1) Aim to be the world's leader in energy efficiency and alternatives in transportation, buildings, industrial processes. "Leader" means highly efficient, low levels of pollution, lesser amounts of greenhouse gases emitted during production and use. We actually had (still have) the technology to be a world leader at this.

    2) Institute standards and tracking, somewhat similar to how we do fleet MPG, SEER ratings, LEAD building categories, motor and furnace efficiency, etc. etc. Not especially easy, but also not rocket science.

    3) Make it clear to the rest of the world that any product sold into the US has to meet these standards or face tariffs to level the playing field. Standards for both the product (energy efficiency, life and warranty, etc.) and it's production process. Countries like China either have to become first world ASAP (they won't, but they might move faster and would also try to game things) or everything they sell to Walmart gets 10-20-30% more expensive.

    4) Enjoy the jobs and profits. One net effect is that US makers (given the tariffs) stay in the game with higher quality, longer lasting, more energy efficient, closer to greenhouse-gas neutral products. Same as Trump is trying to do a tweety-fit at a time -- but measured tariffs in a way that the rest of the world understands and maybe sort of applauds. We're in the Paris Accord. We're abiding by International Law. We're leaning on world trade bodies to take climate change as real -- and benefiting along the way.

    5) Motivate other countries to move faster. Another net effect is that wanna-be-first world makers (China, India, etc.) have to up their game at a faster pace. Helps head off climate change. Otherwise they'd lose exports. Assuming we still have allies and friends, we might find the Brits, Germans, French, Canadians, Poles . . . other producers joining us.

    I'd also add that our denial is also slowing the pace of both understanding the complexities of prediction (we're good at understanding gross effects, poor at tracking climate chaos) and possible solutions. We need a whole host of carbon sequestering, methane trapping, energy storing, efficiency-improving technologies.

    Another point -- there's a strong correlation between countries which depend upon oil (or gold, diamonds) for the bulk of their wealth and despotism. By driving down the value of oil, we force countries like Russia, Iran, Saudi Arabia to either make do with less (and do less messing with democracies) or to diversify their economy and likely foster more of a middle and professional class.

    So - the world gets it's cake (a bit faster response to climate effects, fewer or less powerful despots) and we get to eat a large slice of it too (US businesses profit by being leaders -- and given a level playing field in which to compete).

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    Quote Originally Posted by PeteM View Post
    So - the world gets it's cake (a bit faster response to climate effects, fewer or less powerful despots) and we get to eat a large slice of it too (US businesses profit by being leaders -- and given a level playing field in which to compete).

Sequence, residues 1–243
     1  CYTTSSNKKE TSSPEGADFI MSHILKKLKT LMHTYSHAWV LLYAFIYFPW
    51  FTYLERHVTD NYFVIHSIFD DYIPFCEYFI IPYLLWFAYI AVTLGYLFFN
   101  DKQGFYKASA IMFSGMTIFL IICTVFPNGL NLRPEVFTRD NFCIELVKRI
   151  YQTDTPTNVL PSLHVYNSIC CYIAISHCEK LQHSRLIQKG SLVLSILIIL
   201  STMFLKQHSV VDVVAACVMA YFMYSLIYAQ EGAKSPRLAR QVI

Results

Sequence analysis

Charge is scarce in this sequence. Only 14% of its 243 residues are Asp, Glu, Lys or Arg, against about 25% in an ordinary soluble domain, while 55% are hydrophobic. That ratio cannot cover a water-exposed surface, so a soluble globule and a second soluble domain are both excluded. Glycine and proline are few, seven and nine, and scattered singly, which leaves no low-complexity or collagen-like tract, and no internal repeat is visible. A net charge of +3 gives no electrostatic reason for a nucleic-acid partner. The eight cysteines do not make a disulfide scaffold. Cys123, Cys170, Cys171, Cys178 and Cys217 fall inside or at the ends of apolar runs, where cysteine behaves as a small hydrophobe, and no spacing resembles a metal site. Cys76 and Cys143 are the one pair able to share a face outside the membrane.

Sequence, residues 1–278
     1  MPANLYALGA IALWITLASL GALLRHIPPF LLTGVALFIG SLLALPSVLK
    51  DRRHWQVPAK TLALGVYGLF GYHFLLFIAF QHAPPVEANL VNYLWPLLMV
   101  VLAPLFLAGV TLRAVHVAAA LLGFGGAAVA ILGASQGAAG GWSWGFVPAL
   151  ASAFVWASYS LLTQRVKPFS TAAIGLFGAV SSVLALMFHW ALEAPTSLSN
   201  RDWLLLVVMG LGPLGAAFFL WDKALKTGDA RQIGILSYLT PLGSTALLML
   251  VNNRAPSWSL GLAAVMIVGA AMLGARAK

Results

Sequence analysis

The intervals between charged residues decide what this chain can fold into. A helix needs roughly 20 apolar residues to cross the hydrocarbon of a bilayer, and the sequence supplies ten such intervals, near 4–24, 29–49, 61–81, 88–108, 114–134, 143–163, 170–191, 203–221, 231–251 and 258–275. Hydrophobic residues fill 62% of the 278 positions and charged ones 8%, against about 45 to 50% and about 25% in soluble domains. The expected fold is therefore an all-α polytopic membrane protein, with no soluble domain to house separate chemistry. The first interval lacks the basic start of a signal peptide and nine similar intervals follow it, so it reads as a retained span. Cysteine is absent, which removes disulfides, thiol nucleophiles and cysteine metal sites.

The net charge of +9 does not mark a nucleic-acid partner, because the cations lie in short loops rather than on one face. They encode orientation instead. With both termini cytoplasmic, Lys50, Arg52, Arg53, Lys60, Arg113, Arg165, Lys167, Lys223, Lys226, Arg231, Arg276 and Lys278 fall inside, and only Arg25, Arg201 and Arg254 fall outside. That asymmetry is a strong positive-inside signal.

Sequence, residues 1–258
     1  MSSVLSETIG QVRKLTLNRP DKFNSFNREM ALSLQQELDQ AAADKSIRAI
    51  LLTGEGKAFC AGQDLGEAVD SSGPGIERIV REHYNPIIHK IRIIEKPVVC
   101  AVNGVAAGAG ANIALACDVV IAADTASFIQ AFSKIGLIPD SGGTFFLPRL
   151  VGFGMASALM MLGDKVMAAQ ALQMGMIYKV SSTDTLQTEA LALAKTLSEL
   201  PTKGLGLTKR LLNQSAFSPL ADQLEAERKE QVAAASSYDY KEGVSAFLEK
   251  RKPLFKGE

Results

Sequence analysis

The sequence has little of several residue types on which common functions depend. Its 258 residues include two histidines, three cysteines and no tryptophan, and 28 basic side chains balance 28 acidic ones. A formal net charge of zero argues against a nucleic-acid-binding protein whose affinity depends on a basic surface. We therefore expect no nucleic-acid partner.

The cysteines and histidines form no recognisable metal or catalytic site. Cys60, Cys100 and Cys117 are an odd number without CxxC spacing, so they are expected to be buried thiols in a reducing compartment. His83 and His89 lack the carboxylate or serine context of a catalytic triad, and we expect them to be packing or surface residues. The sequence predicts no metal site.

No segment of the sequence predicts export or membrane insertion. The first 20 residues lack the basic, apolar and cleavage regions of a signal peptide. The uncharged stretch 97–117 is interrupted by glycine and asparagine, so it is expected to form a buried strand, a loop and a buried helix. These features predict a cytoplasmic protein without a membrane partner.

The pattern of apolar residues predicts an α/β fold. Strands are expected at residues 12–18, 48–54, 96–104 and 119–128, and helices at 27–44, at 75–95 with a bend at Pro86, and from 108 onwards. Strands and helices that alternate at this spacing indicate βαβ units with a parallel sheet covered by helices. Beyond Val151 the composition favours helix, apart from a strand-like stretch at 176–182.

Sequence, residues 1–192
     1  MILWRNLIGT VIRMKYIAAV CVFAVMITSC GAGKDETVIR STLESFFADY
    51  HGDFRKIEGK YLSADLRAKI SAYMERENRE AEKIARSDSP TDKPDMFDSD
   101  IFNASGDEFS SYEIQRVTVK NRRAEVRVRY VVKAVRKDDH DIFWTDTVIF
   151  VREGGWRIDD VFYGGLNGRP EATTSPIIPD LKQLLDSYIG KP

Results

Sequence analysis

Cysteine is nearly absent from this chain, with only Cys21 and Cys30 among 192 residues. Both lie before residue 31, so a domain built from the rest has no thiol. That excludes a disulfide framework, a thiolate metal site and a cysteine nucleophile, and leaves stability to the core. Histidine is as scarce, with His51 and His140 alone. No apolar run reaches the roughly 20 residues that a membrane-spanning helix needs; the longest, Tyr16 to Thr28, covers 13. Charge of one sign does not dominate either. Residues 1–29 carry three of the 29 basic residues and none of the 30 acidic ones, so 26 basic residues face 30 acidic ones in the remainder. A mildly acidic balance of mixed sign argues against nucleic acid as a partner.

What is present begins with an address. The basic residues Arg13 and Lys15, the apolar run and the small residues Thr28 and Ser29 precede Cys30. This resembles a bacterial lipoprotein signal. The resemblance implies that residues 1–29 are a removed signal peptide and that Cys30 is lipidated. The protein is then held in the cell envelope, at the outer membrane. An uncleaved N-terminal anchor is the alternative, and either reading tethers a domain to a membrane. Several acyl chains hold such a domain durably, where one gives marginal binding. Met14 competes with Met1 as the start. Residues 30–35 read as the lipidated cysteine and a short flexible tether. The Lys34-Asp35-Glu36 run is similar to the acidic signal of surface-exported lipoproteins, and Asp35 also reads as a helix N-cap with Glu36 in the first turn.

Sounds great, not going to happen though. Your own industry would never permit any of this because it'd hit their profits, and they own the politicians, not the voters.

    Anyway I'd add 2 things:

    Finally switch wholeheartedly to the metric system and actually make stuff compatible for export. I recently bought a new washing machine. I bought a European model not Chinese, price wasn't really a key driver. I didn't even see a US made one for sale.

    Work on fixing more of those smaller but hidden parasitic drags in your economy. I have to shake my head every time the subject of LTL freight in the USA comes up. It reminds me of your health insurance system frankly. Here the freight companies want to know cubic dimensions, mass and whether it's dangerous goods or not, plus a few other odds & ends like palleted, fully crated, can be top-loaded etc. Then they quote you a price and that's it. None of this bullshit about freight categories where they can game the system and reclassify stuff to bill you more, they don't care.

    WRT the oil from the Middle East and the money flows causing problems, I said all that 3 decades ago and little has changed. Saudi Arabia would still be a sparsely populated dry shit-hole and its Wahabist terrorist supporting nutcases an unnoticed tiny irritant had they not got the money to export their bigoted disease. That's on the Western world, we knew as far back as 1812 and as recently as the 1960's what they were like before they got started.

    PDW

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    Quote Originally Posted by PeteM View Post
    That's an important question -- how we can justify doing anything while other countries may be slower to respond?

    I'll address it -- and the solution is partly a matter of this topic -- tariffs.

    Back in the 70's it seemed clear to me that we needed to reduce our dependence upon oil. Not just because of the sky-high costs back then, but because of pollution, damage to our economy, and enriching the despots in oil-rich nations (Iran, Iraq, Saudi Arabia, etc.).

    And the sky-rocketing costs of oil weren't just per barrel. Back then we spent 2x the ostensible price of oil on the Sixth Fleet - guarding oil and also entangling us there. It was a huge hidden subsidy to the oil industry.